A Microsoft spokesperson just confirmed for me the news I first read a few minutes ago in a story by Ina Fried of CNET News.
The official date on which Windows 7 will be available for general purchase is October 22, 2009. The RTM code will be delivered to partners at the end of July.
In addition, Microsoft has confirmed its plans to make an upgrade option available for PC makers to offer customers who purchase a new PC with Windows Vista between the beginning of the "Tech Guarantee" period and the general-availability date.
I'll update this post with additional details as they become available.
Updated 3-June-2009 5:00AM PDT
Microsoft's press release with details of the announcement is now available. The official word came in a speech by Steve Guggenheimer, Corporate Vice President of the OEM Division, in a speech at the Computex tradeshow in Taipei:
Today during a keynote address at Computex 2009 in Taipei, Microsoft’s OEM Division Corporate Vice President Steve Guggenheimer revealed that the company is confident with the progress made with Windows 7 and Windows Server 2008 R2, and that as a result, Microsoft will deliver Release to Manufacturing (RTM) code to partners in the second half of July. Windows 7 will become generally available on Oct. 22, 2009, and Windows Server 2008 R2 will be broadly available at the same time.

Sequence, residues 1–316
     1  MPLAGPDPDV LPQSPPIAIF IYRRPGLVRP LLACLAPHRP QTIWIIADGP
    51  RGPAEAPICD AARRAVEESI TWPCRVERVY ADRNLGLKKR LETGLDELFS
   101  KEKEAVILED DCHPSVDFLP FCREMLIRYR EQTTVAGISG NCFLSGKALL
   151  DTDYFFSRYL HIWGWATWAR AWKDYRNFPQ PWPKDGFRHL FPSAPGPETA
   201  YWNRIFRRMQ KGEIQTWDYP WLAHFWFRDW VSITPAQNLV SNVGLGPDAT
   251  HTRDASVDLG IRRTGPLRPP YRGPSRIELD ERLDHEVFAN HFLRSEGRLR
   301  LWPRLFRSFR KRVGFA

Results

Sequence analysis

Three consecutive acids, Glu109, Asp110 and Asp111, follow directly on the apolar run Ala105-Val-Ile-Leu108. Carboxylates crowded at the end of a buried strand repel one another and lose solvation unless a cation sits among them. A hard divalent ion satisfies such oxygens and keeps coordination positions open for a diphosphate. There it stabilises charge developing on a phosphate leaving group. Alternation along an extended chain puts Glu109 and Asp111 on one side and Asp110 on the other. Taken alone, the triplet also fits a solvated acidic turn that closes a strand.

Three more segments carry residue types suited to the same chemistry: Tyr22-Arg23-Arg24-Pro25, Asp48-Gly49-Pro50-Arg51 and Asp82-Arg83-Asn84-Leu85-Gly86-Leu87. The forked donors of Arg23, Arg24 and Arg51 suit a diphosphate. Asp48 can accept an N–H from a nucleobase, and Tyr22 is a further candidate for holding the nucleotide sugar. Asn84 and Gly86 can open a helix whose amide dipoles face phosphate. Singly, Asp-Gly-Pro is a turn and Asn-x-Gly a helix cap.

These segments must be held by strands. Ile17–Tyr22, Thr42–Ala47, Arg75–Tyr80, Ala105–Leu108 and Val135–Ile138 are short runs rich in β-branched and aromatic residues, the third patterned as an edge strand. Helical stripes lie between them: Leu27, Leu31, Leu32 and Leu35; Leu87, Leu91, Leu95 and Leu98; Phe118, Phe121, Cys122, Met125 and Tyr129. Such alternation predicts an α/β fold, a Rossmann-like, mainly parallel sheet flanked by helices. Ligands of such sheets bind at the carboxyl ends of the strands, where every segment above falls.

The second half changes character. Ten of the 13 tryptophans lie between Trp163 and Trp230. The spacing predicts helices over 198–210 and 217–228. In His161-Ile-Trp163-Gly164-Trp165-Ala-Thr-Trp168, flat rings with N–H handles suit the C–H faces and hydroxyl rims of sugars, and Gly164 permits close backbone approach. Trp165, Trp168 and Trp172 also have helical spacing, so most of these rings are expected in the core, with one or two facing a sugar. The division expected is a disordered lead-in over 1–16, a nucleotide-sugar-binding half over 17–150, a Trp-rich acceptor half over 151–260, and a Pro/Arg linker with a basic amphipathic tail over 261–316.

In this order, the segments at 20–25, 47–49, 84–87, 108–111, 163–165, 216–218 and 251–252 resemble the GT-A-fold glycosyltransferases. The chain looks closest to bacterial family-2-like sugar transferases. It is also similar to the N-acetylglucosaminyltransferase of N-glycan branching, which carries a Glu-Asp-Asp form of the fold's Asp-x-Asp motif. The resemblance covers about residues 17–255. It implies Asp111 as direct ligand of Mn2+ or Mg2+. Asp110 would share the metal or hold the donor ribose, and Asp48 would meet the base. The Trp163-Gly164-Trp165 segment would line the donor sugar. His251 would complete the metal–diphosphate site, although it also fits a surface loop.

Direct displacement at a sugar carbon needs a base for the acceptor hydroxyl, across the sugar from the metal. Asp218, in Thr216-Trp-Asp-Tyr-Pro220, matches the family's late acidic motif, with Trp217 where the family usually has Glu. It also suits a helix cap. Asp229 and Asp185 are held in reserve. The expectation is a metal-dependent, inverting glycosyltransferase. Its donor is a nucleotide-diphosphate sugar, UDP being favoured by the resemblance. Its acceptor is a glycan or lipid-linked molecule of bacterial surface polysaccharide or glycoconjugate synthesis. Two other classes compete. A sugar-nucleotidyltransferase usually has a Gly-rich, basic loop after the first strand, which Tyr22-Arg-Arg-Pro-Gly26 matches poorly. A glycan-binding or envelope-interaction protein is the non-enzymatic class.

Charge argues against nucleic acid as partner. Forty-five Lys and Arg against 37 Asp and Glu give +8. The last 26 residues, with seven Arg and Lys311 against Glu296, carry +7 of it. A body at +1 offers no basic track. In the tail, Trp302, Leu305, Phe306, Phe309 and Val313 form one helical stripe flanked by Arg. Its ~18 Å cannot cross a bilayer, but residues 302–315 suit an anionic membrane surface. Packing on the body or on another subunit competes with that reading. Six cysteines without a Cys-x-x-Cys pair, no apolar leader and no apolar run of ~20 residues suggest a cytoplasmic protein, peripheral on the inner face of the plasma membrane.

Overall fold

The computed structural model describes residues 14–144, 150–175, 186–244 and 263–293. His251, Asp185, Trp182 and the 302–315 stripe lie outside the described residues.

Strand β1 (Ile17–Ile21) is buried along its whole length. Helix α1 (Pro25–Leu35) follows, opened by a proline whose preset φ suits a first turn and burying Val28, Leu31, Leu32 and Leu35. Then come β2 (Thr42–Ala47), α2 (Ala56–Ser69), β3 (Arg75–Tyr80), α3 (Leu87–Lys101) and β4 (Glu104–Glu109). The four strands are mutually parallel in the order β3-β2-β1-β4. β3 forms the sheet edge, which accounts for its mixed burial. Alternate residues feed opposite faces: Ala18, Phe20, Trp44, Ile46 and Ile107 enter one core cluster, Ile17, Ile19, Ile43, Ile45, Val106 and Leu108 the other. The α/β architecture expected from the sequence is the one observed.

“As we’ve said many times, quality is our primary goal,” Guggenheimer said. “We announce each milestone once we’re confident of where we are in the development cycle and that it is ready to be shared with customers and partners. We’ve received great feedback from our partners who are looking forward to offering Windows 7 to their customers in time for the holidays.”
In addition to this, Guggenheimer announced that Microsoft will make available an upgrade option, so partners can offer customers the ability to purchase a Windows Vista-based PC and install Windows 7 when it’s ready.
“Microsoft has been working closely with partners to help our mutual customers be able to enjoy the many benefits of Windows 7,” he said. “With that in mind, we’re excited to say that there will be a Windows upgrade program available. Consumers can buy that new PC, whether for a student heading off to college or just because they need a new one, and know they’ll get Windows 7 as part of the deal.”
The actual start date for the program will be announced when it is ready for consumers, and partners are ready to provide details to customers.
One interesting detail in Guggenheim's speech is an update on a device platform developed in collaboration with Fugoo LLC and first announced at CES in January. The idea of these devices is that they "fall somewhere between smartphones and ... full-featured small notebooks." Examples include "personal navigation devices, portable media players, set-top boxes and networked TVs."
In addition to the Fugoo-based devices, Microsoft showed off a small, Internet-enabled device based on Nvidia's Tegra computer-on-a-chip technology.
Further details on Windows 7 pricing and the technology guarantee program are expected by the end of June.